The World of P2P: Shadow play

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Shadow play[edit]

In any open society, secrecy, intentional obfuscation of facts and usurpation or suppression of rights should be seen not only as negatively but often as a civilizational back-step. Often illegal or strictly restricted this types of activities are not only possible by states but by actively perused by large corporations, that in some nations (or standard setting organizations) are able to exert a unprecedented control over policy.

In world where the end user intends to have control over their own hardware and software some actions are not intended to see the light of day. This section is dedicated to bring out some of the subjects/actions in an attempt to help the reader to fully appreciate some of the less publicized information that has some kind of baring on the evolution of P2P.

Some organizations (or groups with invested interests) still think that it is up to them to think for the masses, in place of just try to push the information out granting the public the ability to make their own informed decisions. There is an clear organized attempt to, in general, hide facts from the public. Information is power.

Attempting to control access and the flow of information is a fool's errand. People have always rebelled against industry-mandated black box solutions and their artificial restrictions, that do not serve any other purpose but the economic interests of those attempting to exert control.

OS[edit]

Since P2P (and P2P related technologies) started to pop up and gather momentum, the security of the user on the OS started to be championed, and placed above user freedoms, by imposing choices that disregards the need to proper educate the users, diminishing their ability to make their own choices. This philosophy keeps people in a state of being technologically challenged, and afraid of change. It is even funny to see to what degree, efforts are made to keep these "security enhancements" hidden.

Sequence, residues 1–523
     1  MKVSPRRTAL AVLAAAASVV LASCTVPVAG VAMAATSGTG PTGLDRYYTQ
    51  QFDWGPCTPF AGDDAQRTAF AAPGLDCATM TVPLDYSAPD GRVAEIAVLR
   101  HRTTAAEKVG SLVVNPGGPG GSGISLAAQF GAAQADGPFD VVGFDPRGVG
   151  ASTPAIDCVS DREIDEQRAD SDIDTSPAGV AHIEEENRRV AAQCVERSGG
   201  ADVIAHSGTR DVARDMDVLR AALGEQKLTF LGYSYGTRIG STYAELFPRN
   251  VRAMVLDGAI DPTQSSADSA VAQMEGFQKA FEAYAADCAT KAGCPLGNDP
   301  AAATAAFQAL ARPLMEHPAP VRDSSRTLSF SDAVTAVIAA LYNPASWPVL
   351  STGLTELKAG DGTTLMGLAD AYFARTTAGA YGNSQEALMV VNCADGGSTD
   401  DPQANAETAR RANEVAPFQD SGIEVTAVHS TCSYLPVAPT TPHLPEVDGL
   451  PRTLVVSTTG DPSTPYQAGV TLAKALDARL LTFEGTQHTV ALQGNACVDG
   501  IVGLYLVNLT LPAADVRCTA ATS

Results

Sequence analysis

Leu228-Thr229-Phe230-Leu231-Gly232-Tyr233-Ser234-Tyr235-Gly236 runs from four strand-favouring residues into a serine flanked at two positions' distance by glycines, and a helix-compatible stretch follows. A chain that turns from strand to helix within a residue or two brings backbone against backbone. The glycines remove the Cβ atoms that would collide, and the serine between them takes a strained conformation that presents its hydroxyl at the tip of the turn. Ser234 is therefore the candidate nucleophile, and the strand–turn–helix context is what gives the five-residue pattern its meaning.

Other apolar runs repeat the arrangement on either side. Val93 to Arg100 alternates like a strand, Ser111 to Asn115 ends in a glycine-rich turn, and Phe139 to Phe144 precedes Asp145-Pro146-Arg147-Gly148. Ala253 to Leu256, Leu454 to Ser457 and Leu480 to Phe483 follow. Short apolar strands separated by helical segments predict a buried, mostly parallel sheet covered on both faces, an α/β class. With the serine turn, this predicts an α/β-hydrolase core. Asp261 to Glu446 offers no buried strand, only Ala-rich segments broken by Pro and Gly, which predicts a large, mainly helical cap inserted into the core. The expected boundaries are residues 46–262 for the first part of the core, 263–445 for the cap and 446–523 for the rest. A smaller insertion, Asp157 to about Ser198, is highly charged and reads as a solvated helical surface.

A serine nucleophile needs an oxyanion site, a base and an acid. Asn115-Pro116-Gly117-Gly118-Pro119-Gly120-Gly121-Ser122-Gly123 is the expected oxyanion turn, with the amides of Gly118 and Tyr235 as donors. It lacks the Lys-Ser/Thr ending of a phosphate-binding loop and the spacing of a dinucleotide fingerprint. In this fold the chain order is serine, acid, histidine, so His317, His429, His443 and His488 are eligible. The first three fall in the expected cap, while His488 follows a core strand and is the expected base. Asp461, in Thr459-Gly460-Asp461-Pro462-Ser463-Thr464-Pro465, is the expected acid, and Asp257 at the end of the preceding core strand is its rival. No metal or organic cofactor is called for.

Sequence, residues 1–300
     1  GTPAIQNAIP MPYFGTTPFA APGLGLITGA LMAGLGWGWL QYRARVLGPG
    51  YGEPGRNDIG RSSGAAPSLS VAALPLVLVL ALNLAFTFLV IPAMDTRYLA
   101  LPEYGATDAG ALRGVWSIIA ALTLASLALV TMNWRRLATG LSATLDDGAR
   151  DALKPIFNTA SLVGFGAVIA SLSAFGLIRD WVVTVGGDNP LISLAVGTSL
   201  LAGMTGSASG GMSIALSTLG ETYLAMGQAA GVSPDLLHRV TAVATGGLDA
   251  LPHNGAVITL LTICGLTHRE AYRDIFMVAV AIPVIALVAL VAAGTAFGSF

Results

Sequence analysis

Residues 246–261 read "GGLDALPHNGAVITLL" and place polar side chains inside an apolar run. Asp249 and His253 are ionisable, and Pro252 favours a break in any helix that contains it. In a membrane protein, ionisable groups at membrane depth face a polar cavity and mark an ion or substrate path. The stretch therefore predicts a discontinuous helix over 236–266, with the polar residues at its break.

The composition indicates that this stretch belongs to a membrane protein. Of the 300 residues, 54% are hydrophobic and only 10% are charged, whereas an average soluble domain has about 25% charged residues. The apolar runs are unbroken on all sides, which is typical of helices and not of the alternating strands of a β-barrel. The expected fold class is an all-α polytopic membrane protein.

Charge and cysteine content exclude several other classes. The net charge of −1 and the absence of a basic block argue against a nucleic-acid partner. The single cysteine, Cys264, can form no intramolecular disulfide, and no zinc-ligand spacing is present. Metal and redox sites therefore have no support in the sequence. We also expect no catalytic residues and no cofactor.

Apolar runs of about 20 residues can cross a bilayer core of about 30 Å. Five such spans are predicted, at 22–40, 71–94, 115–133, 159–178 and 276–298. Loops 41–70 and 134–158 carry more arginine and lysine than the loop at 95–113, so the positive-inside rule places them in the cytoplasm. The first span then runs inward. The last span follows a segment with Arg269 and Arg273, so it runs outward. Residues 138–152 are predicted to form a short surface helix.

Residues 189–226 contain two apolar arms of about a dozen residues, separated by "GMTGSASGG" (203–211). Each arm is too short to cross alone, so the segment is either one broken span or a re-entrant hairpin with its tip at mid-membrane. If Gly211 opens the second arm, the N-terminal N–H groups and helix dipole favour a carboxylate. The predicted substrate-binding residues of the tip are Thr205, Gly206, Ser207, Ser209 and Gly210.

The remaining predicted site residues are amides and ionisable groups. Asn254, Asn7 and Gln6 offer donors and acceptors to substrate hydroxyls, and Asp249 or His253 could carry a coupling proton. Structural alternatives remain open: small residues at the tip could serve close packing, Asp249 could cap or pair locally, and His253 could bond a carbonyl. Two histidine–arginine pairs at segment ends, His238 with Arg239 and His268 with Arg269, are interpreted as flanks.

Well not all is lost, some people can't seem to be made to comply with this state of things and some information can be found and actions reversed.

about MS Windows
  • TCPIP.SYS - [fix],[info] for Windows XP.

ISPs[edit]

One of the most important aspects of running an Internet providers (ISPs) is being quick to adapt to customers' demands and changes in demands and uses. This adaptation can be done from two sides, adapting by modifying the network offering and creating new service offerings or by the suppression and degradation of new consumer trends. The latter is easily done if the ISPs is part of a larger media outlet, that can not only influence public opinion but shape legislation.

ISPs are not very pleased with P2P technologies due to the load the bring into to their networks, although they sell their Internet connections as unlimited usage, if people actually take on their offer, ISPs will eventually be unable to cope with the demand at the same price/profit level. The simpler solution would be to match their offer to the use, by increasing their capacity and fulfilling at least the contractual obligations, but some decided to simply throttle (i.e. slow down) peer-to-peer traffic or even intentionally interfere with it. This has made clients increasingly worried over some ISPs actions, from traffic shaping (protocol/packet prioritization) to traffic tampering.

San Francisco-based branch of the Electronic Frontier Foundation (EFF) a digital rights group have successfully verified that this type of efforts by Internet providers to disrupt some uses of their services and evidences seem to indicate that it is an increasing trend other as reports have reached the EFF and verified by an investigation by The Associated Press.

EFF Releases Report Interference with Internet Traffic on ComCast ( http://www.eff.org/wp/packet-forgery-isps-report-comcast-affair ), other information is available about this subject on the EFF site.

Metrics[edit]

Forced traffic shaping[edit]

Some ISPs are now using more sophisticated measures (e.g. pattern/timing analysis or categorizing ports based on side-channel data) to detect P2P traffic. This means that even encrypted traffic can be throttled. However, with ISPs that continue to use simpler, less costly methods to identify and throttle P2P networks, the current countermeasures added to P2P solutions remains extremely effective.